Indulge in colors of the fishing palette

Between casts I stopped to admire the scenery glittering at my feet.


Big hunks of brick- and seaweed-colored sockeye navigate the translucent azure. Water ripples, grabs the sunlight and flings it onto my sunglasses.

In the shadows reflections of the trees are above mixed with the mirage images of pebbles in every shade of grey, brown and white I’ve never fully considered.

White seagulls are washed out among the clouds only pronounced by their orange beaks. The forest is a symphony of greens and blacks. My line paints a trace of yellow in the air as it whips my fly into place.

Colors on the Russian River are on my mind. No painting could possibly capture the range of shades, highlights and tones present in this environment. It’s overload for a color addict like myself.

I open my wooden fly box and see much of the same. Flesh flies are every shade of red, pink, brown, white and orange. They are blended carefully with washed-out eggs and beads. My egg-sucking leeches scream from their nests: hot hues with shining tinsil. Smolt patterns are a sublime gold, black and brown and the rest have their own unique combination of dazzlers.

I can see more fish holding in a deep pocket. Thin wisps of red on their sides wiggle and writhe. Their heads are blue, green and silver mixed. I pop a polar shrimp pattern on a nose and a flash of light and energy is called from the depth with a strike.

Netting the sockeye I admire its chrome scales each a new variance on the old melting into a canvas that’s familiar but entirely unique. After popping its gills, its color seems to leave stolen and redistributed into the bloody water.

These colors aren’t found anywhere else. Fishing colors are alive. They don’t sit, they dance and, in a moment, they scatter.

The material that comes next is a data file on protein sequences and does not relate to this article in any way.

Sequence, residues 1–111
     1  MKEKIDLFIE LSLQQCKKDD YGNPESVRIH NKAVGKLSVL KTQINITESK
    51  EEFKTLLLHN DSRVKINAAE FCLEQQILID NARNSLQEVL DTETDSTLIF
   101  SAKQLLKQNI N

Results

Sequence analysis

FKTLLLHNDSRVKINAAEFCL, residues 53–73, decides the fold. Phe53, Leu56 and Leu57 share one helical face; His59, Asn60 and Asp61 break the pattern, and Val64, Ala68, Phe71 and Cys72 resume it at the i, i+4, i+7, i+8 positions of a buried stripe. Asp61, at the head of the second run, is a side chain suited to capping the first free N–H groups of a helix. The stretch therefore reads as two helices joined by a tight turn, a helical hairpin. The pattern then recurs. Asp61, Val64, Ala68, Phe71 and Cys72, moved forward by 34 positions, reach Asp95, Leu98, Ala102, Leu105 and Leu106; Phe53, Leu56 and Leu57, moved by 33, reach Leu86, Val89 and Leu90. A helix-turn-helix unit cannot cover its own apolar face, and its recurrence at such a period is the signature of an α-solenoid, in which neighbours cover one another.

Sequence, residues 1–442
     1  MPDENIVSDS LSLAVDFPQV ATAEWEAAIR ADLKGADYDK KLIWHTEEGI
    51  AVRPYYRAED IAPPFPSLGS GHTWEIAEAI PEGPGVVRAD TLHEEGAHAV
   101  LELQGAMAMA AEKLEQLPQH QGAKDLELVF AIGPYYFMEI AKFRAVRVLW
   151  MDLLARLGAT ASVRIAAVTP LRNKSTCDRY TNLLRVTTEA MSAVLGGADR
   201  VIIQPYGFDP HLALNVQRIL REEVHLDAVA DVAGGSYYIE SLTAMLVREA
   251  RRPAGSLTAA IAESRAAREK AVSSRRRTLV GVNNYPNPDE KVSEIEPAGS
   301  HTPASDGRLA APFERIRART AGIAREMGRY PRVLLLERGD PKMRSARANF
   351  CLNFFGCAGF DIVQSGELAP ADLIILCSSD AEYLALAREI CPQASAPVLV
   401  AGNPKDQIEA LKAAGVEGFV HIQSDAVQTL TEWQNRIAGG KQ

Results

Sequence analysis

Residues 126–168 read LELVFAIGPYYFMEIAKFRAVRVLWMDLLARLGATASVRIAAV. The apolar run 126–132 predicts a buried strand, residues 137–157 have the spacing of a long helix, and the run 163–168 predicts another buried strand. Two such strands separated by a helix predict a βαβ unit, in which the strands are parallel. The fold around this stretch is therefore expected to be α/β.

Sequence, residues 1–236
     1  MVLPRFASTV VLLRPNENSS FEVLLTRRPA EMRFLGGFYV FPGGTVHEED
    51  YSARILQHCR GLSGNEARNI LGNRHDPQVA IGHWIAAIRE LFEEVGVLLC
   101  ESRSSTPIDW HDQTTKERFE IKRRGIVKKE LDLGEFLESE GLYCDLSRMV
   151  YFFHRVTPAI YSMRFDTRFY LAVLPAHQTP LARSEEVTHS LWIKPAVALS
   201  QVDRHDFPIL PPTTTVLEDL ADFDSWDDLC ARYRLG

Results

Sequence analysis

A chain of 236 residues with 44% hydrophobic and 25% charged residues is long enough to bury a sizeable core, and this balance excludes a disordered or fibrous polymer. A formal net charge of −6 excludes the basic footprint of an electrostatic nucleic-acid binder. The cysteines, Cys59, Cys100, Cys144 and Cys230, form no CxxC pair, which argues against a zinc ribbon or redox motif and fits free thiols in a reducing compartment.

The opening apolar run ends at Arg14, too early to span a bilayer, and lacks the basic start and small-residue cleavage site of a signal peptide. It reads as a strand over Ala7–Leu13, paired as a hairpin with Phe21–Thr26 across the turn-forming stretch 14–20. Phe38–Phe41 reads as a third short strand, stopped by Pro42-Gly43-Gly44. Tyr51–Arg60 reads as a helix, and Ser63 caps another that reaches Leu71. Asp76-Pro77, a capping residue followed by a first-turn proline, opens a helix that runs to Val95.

Think of a king — purple and black speckled with chrome and green all wrapped up and dashed with a black lipstick reminiscent of Bettie Page. The king of pin up queens, indeed.

But each day it changes, growing crimson and it heads deeper into the turquoise.

Since I started paying attention to fishing colors I’ve been surprised with what I find. Around every fly and in each fish is a new discovery. Each river is a different color each day. As the sun sets and the stars come out, the river mirrors the world around and I soak it up unashamed because I know not so long ago it was drab, colorless and white.

When I pay attention to colors in the fishing palette I remember more about my fishing trips and of the fish I’ve caught and the experiences I’d rather not lose.

So, take a minute and really look at these fishing colors of ours. Consider them not because they mean any thing in particular. But because they are a thin frosting. Indulge.


Brian Smith is city editor for the Peninsula Clarion, an avid fisherman and painting enthusiast. Email him at


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